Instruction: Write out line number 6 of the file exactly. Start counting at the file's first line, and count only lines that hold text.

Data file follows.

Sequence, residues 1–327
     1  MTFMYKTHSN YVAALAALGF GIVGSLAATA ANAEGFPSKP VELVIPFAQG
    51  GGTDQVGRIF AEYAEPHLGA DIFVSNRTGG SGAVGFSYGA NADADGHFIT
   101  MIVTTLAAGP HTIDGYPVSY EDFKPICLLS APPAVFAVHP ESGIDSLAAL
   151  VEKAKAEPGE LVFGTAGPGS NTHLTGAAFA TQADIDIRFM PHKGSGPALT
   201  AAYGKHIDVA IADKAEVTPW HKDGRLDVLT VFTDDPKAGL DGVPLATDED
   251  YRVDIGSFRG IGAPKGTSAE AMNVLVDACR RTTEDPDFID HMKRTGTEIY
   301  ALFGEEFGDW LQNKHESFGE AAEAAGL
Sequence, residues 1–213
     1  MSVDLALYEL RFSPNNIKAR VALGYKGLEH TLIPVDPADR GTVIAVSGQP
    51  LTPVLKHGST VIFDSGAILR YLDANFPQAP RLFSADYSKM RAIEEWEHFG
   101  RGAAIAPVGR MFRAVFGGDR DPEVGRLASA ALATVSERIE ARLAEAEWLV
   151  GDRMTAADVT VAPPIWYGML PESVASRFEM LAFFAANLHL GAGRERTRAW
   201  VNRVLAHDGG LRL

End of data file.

   201  AAYGKHIDVA IADKAEVTPW HKDGRLDVLT VFTDDPKAGL DGVPLATDED